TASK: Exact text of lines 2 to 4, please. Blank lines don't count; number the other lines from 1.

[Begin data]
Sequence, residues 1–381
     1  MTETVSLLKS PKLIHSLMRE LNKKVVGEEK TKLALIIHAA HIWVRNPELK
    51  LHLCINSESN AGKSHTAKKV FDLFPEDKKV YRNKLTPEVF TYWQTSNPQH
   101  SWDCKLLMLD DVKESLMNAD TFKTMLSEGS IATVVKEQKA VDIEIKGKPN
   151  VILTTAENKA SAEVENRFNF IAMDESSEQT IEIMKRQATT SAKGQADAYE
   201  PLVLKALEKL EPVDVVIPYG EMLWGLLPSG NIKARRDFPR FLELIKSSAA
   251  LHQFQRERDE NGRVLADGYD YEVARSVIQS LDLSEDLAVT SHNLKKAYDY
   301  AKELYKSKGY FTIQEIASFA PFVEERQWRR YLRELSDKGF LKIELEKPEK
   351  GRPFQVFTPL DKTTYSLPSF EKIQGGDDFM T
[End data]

     1  MTETVSLLKS PKLIHSLMRE LNKKVVGEEK TKLALIIHAA HIWVRNPELK
    51  LHLCINSESN AGKSHTAKKV FDLFPEDKKV YRNKLTPEVF TYWQTSNPQH
   101  SWDCKLLMLD DVKESLMNAD TFKTMLSEGS IATVVKEQKA VDIEIKGKPN